How To Start Preparing For The MCAT

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If you are planning on going into the medical field, then you will likely need to take the Medical College Admission Test (MCAT). This is a standardized, multiple-choice test that is run by the Association of American Medical Colleges (AAMC). The MCAT can be quite intimidating for some students, especially since it is incredibly long—about seven hours! To make sure this test isn't completely overwhelming, you'll want to keep these tips in mind.

Meet with a Classmate or Tutor

While you may think another person would be a distraction, USA Today says that studying with a partner can help you stay focused and motivate you to keep your study schedule. Find a study partner that has different strengths than you, then you both will be able to help each other with different sections of the exam. A partner is also valuable because he or she may think of questions or concerns that you haven't covered in your own study time.

Of course, some people find that they have way too much fun at study sessions and can't concentrate with a friend. If that's the case, it may be valuable to look into a tutor. An MCAT private tutoring company can help you immensely since they will have experience taking the MCAT and can help you avoid common mistakes.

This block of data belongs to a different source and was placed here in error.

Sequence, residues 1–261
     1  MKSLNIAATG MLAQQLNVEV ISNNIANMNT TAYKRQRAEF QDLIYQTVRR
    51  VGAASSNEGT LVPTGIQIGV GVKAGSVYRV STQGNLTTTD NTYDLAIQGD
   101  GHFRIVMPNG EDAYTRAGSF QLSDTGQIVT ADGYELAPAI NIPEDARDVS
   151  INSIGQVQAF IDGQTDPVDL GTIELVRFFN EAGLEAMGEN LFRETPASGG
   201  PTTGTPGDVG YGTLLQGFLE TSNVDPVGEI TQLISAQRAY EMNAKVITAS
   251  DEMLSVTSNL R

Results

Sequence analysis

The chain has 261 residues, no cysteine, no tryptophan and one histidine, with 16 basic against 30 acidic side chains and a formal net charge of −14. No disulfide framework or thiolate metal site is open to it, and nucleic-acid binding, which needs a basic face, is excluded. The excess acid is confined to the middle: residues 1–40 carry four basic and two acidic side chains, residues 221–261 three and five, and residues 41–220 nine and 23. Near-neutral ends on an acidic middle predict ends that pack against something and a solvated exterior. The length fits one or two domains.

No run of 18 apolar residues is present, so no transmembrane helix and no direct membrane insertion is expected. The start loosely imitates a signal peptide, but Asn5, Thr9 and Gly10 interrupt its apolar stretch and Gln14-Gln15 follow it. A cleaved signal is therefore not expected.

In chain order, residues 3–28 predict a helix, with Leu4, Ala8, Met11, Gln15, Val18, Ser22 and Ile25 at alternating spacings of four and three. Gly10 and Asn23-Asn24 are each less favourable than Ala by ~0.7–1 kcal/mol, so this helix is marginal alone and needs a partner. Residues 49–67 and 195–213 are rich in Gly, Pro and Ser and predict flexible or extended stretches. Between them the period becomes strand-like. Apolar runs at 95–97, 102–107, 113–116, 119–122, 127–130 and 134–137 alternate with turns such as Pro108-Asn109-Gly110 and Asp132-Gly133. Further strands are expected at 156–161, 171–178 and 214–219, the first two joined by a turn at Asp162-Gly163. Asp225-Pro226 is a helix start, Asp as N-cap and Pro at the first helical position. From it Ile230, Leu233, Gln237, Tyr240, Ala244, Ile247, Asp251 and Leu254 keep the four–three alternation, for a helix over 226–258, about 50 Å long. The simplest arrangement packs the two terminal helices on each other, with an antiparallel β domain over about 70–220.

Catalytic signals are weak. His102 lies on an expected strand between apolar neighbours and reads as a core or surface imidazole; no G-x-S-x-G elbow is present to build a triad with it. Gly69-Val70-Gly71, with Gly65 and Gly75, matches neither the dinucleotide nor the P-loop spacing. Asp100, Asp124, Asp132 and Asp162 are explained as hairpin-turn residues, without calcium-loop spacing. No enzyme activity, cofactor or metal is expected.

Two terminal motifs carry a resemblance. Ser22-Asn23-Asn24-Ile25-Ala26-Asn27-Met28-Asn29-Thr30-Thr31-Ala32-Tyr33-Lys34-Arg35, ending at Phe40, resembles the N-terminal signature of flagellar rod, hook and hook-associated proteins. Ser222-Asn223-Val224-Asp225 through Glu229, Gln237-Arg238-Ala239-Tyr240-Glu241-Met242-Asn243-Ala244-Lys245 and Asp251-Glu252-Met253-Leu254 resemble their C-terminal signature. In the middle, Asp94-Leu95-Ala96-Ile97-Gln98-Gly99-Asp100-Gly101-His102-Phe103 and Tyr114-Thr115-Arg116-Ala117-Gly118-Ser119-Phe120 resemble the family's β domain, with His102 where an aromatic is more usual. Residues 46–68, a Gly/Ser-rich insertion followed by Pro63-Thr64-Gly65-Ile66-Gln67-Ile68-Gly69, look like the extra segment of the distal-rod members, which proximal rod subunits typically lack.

Focus on Understanding Concepts Rather Than Rote Memorization

The MCAT will test your knowledge of physical science and biological science, as well as your verbal reasoning. While it can be easy to get caught up in the minutia of the test's quirks and focus on flash-card definitions, try to focus on big-picture studying. Since you will need to understand complex systems in your medical studies, it's best to not only memorize facts but logically reason out problems. Again, your MCAT tutor can help you make sure you really grasp the material.

Start Studying Early

Ideally, you will want to take at least a year to study for this test. This gives you the time to really pace yourself and study more intermittingly. If you do have to cram, keep in mind that you will still want at least a couple of months. If you are a short-term studier, then you may want to take the test during a semester break so that you can increase your study time each day since you won't have schoolwork. Be sure that you set a schedule and keep deadlines for any practice tests you want to take.

Get Practice Tests from AAMC and Free Sites

Since the AAMC runs the test, they offer free study outlines as well as practice tests that you can purchase. The online practice tests are valuable because you can take it timed or untimed. You will get feedback on right versus wrong questions and can highlight areas of interest for later study time. If you don't want to pay for a practice test, some non-profit educational sites, like Khan Academy, provide practice questions and even have courses for the MCAT.

Keep these tips in mind and talk with your tutor for more information on the MCAT.